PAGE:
Cathay climbs with local aviation scene

“As Vietnam’s airports expand to meet the growing demand for air travel, it is important to have a cost efficient infrastructure.”
Cindy Lam

Vietnam is rated as one of the fastest growing aviation markets worldwide, offering rich opportunities for domestic and international airlines. Cindy Lam, country manager of Cathay Pacific Airways in Vietnam, tells VIR's Song Ngoc how the firm has captured this market.

According to the International Air Transport Association (IATA), Vietnam is projected to be the world’s third largest growing market for international passengers and freight and the second fastest for domestic passengers by 2014. How will you capitalise on this?

It is undeniable that Vietnam is one of the fastest and largest growing aviation markets in South East Asia and the world. With good government support, economic and infrastructure development, its aviation has gone a long way to reach today’s standards. The continued growth of the Vietnamese economy, people’s increasing purchasing power and desire to travel are obviously vital elements for Vietnam’s aviation to grow in significance. 

There are perhaps a few more things that can be improved upon to further mature the development. Governmental support in alleviating the cost burden on users of Vietnam’s airports and airspace would be one example.  With the volatility airlines faced in the past couple of years, the government has kindly designed short term airport charges and discount schemes to provide relief to airlines, which was appreciated. As Vietnam’s airports expand to meet the growing demand for air travel, it is important to have a cost efficient infrastructure following global, prevailing, charging principles based from consultation with users, transparency, and non-discrimination in order to maximise the full potential.

Are there any contributions of different aviation sector stakeholders to help Vietnam achieve this goal?

Another crucial factor to develop Vietnam’s aviation is to improve the efficiency of work processes amongst parties, which make up the travel industry. This is not just for airlines, but also travel agents, cargo agents, distribution system service providers, international governance bodies. Such as the Billing and Settlement Plan (BSP) by IATA, effective systems to streamline work and information flows would noticeably increase efficiency of the whole industry. If more airlines and agencies can participate in such globally recognised schemes, it would be easier for the industry as a whole to step in the right direction, into a brighter future.

Many international airlines has raised frequencies or expanded new routes to and from Vietnam to take the advantage of this growing market. How about Cathay Pacific’s specific strategy to meet local demand?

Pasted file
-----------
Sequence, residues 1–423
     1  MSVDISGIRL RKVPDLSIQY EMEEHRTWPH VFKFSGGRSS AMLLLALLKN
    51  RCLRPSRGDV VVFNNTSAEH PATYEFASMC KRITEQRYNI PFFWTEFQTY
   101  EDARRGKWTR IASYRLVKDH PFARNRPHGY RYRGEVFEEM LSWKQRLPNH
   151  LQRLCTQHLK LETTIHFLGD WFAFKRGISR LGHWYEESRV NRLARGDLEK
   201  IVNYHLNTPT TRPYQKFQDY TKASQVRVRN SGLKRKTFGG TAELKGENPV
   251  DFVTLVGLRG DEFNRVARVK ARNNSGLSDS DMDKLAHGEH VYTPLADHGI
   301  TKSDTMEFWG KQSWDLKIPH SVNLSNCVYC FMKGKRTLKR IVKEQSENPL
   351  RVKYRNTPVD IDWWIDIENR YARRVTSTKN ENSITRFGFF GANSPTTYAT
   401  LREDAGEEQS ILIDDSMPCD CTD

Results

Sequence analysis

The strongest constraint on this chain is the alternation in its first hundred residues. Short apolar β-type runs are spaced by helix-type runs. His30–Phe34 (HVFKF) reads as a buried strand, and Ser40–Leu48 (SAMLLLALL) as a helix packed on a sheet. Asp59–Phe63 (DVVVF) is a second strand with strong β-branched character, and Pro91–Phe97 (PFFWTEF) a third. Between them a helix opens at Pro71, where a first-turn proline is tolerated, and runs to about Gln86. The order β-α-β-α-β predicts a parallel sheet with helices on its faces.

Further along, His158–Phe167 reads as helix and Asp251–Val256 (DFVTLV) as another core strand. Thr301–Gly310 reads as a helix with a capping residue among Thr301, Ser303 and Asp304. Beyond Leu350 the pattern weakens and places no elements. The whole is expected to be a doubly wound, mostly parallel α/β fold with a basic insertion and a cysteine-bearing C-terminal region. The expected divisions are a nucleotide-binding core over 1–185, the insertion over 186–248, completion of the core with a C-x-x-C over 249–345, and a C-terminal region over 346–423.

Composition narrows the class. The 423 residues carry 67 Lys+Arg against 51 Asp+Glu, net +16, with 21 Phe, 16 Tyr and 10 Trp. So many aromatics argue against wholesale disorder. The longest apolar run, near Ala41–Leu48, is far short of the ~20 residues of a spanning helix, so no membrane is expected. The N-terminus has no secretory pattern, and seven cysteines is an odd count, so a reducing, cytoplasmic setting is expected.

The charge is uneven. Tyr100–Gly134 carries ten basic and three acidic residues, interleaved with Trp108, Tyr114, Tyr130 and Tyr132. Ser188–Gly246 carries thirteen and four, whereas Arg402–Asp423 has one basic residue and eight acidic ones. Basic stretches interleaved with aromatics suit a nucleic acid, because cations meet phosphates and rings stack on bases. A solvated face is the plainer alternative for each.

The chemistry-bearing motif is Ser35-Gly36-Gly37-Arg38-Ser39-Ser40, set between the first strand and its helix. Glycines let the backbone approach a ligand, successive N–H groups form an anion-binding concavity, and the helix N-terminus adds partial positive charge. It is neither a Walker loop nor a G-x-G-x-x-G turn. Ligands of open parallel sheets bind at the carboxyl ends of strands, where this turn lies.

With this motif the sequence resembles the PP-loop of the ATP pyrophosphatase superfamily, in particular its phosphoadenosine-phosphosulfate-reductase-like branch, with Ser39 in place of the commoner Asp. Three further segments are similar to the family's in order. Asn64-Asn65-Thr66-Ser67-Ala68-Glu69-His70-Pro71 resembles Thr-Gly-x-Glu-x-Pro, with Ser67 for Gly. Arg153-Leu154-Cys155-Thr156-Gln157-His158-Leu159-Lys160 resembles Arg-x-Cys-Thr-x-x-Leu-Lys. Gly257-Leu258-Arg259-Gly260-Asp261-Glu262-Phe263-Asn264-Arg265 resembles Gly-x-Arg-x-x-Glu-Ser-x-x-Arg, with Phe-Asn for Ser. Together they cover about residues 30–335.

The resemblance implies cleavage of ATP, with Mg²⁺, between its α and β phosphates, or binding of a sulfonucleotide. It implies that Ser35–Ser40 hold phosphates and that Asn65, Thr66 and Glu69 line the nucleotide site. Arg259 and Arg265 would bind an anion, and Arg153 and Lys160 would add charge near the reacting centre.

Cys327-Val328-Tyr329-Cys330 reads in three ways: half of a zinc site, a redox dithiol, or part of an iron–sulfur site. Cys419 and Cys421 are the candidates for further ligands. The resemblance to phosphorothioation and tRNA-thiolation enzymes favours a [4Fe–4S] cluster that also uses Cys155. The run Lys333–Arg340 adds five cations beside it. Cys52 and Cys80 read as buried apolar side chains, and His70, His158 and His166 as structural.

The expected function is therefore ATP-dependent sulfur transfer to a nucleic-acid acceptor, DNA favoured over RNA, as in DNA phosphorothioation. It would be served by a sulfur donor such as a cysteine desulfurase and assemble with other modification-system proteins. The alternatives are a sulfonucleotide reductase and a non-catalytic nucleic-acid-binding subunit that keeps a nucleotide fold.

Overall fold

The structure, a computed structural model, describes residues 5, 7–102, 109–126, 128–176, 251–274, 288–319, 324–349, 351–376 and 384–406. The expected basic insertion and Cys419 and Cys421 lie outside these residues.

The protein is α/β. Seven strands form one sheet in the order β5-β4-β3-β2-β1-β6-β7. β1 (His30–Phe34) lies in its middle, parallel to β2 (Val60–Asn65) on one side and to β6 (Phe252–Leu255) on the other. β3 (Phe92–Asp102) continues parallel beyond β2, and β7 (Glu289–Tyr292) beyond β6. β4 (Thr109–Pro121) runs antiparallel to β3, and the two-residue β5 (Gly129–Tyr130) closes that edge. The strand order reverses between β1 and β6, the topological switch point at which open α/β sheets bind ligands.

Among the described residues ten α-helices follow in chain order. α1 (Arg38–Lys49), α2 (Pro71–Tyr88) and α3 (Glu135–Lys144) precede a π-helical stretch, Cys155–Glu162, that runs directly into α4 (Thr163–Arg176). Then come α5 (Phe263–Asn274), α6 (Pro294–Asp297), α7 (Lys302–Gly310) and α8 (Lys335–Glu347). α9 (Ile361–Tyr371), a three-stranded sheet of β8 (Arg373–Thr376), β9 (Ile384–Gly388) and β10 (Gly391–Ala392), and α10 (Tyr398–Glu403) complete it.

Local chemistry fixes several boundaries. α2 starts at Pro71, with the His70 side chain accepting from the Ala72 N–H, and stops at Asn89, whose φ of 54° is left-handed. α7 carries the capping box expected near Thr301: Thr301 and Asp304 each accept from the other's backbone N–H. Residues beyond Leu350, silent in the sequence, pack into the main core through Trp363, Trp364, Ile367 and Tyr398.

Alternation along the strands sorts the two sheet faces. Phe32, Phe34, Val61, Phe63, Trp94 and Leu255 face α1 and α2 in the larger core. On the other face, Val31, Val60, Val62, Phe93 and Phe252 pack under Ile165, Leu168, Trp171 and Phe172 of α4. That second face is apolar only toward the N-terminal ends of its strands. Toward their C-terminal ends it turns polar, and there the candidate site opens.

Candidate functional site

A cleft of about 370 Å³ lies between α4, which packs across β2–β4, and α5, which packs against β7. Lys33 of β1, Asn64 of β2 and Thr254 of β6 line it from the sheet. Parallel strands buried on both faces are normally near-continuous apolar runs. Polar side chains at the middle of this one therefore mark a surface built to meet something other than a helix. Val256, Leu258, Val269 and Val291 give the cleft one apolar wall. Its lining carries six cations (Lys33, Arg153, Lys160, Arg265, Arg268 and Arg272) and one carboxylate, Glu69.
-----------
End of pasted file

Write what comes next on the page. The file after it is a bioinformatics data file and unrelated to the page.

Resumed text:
Our development plans in the last 20 years in Vietnam has been prudent, yet progressive. Besides enhancing customer services, so to capture the market that appreciates superb products and services, we also endeavour to expand our frequencies to and from Vietnam. To date, Cathay Pacific has built frequencies to double daily flights between Ho Chi Minh City and Hong Kong. For Dragonair, it currently has 10 flights a week between Hanoi and Hong Kong, of which three were new additions since November, last year. We also ensure that we have great fares on offer to the public, and have different fare products to cater to the needs of different segments in Vietnam. Moreover, we will continue launching the “Smart Saver” in the first week of May, July, September, November and December, so that the Vietnam travelling public enjoys great fares to different popular destinations worldwide on Cathay Pacific.

Is it true that 2010 marked a business record year for Cathay Pacific, both on a Vietnam and global basis?

Absolutely, it was a fantastic year for Cathay Pacific Group in 2010, a year worth celebrating. We recorded an attributable profit of almost HK$14.1 billion for 2010, nearly three-fold that of 2009’s.

Our passenger and cargo businesses both performed well with consistently strong loads and significant increases in revenues. Cathay Pacific and Dragonair together carried a total of 26.8 million passengers, an increase of 9.1 per cent over 2009. Freight carried by Cathay Pacific and Dragonair increased by 18.1 per cent to 1.8 million tonnes. The strong financial position enables us to increase the size of the airline and invest in a modern, fuel-efficient fleet. In 2010 we took delivery of seven new aircraft, and will have another 92 aircraft due to deliver in the coming decade.

Song Ngoc (